Use of Lackluster Banners with Un-compelling Text

If you are going to have large banners with featured information, take the time to find some interesting subject matter.  We don’t need to see a panoramic shot of your waiting room.  Are you trying to sell your waiting room or are you trying to sell your service or expertise?  We don’t need to see a picture of your office with the name of your company beneath it.  No, we want to see your office at a cool angle and an engaging tagline to go with it.  Catch our attention!  Convince us to get in touch with you and give you our money!

Use of played-out, unpleasant, or stereotypical color combinations

Based on my research, it is arguable about the exact number of colors there are that exist in the world, but it is fair to say that there are tens of thousands – if not millions – of colors that the human eye can perceive.  Because there are so many choices available, it can be hard to find color combinations that work and that are also inviting.  However, if you are a designer, it’s your job to take the time to find colors that make people stop and say, “Wow, orange is not my favorite color, but I love how it’s used here with this vibrant shade of maroon” – or something along those lines.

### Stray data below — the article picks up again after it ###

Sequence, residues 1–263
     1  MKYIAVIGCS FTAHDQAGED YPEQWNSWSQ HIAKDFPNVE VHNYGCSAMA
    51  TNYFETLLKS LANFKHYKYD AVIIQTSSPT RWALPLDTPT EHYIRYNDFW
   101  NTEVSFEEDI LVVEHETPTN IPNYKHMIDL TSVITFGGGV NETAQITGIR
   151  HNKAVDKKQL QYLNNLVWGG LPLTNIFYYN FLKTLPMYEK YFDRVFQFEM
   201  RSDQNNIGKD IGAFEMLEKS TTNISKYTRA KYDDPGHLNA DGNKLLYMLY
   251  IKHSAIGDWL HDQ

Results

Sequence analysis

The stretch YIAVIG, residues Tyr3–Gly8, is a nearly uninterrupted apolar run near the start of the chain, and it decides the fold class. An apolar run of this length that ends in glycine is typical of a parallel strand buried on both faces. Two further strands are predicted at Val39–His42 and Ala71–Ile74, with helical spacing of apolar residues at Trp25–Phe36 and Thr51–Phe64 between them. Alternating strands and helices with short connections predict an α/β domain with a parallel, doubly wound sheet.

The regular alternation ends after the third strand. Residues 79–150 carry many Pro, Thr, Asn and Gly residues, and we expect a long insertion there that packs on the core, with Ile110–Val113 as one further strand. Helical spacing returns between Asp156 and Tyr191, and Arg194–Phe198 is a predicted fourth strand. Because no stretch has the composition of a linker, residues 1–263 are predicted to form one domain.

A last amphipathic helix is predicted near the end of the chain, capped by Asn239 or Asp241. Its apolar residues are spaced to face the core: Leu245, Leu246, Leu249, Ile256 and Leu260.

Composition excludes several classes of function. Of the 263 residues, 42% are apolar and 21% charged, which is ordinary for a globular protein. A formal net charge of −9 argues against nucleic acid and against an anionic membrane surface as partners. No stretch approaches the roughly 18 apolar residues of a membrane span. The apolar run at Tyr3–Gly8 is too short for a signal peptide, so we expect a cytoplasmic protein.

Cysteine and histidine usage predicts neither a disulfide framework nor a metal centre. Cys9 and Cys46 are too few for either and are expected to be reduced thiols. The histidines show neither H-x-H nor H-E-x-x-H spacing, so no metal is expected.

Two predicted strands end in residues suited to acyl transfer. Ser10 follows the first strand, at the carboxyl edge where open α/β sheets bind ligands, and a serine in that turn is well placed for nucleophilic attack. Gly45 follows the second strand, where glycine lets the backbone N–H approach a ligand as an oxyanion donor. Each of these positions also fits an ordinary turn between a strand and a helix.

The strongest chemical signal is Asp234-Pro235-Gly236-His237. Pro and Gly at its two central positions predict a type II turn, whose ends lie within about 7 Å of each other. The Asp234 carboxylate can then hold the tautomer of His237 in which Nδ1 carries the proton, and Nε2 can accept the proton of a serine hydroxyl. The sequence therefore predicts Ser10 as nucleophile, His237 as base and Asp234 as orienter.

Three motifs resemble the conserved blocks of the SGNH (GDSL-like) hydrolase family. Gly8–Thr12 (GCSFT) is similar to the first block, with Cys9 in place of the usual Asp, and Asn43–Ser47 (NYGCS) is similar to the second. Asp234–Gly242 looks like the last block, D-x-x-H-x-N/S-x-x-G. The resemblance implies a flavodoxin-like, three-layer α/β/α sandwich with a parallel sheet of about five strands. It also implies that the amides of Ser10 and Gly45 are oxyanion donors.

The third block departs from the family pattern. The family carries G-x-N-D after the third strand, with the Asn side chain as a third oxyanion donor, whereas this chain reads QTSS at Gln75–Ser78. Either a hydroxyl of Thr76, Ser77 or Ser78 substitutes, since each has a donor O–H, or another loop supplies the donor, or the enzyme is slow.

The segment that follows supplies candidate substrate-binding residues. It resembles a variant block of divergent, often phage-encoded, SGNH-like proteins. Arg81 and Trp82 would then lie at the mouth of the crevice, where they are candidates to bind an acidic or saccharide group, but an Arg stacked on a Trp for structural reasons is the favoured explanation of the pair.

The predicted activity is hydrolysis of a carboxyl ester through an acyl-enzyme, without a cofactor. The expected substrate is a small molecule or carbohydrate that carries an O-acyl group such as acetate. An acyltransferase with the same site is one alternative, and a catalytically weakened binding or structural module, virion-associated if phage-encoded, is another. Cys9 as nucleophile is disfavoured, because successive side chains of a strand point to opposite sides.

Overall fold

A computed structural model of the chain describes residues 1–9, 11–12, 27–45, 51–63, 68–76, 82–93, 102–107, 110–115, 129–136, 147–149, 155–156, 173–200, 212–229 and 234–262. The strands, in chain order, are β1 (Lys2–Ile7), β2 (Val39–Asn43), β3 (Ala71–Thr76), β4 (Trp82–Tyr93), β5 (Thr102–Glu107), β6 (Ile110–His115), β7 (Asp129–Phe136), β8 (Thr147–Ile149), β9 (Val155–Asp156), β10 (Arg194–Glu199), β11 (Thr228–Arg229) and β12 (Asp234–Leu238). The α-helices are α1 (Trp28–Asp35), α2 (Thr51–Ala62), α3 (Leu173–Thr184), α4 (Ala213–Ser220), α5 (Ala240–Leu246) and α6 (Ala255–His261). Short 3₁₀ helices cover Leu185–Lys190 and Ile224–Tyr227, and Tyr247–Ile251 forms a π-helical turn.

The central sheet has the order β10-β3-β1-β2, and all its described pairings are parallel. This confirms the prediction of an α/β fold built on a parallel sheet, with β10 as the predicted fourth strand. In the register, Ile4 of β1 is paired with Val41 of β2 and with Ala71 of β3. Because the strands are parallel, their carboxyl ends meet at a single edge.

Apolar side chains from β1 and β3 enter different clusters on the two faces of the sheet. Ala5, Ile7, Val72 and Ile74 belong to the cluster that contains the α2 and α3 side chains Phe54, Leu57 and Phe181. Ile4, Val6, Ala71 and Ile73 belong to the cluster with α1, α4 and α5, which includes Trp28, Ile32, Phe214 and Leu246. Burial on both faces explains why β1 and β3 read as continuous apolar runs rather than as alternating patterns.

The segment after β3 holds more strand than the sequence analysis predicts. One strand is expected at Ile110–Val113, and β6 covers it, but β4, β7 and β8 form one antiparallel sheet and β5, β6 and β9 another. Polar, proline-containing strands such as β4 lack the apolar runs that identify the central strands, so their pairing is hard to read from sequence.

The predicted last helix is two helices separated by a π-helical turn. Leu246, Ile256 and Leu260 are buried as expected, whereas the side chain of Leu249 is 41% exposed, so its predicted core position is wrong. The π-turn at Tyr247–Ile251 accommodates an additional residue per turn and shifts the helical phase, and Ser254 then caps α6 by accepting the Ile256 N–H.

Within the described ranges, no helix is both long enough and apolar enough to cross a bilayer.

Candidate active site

If you need inspiration for coming up with interesting color combinations, check out this website: http://madelineweinrib.com.  You might wonder why I’m sending you here, but once you see the interesting color combinations on the fabrics and throw pillows, you’ll understand.

I’m coming down of my soapbox.  Thanks for your attention and comment or write me and let me know what I’ve left off this list!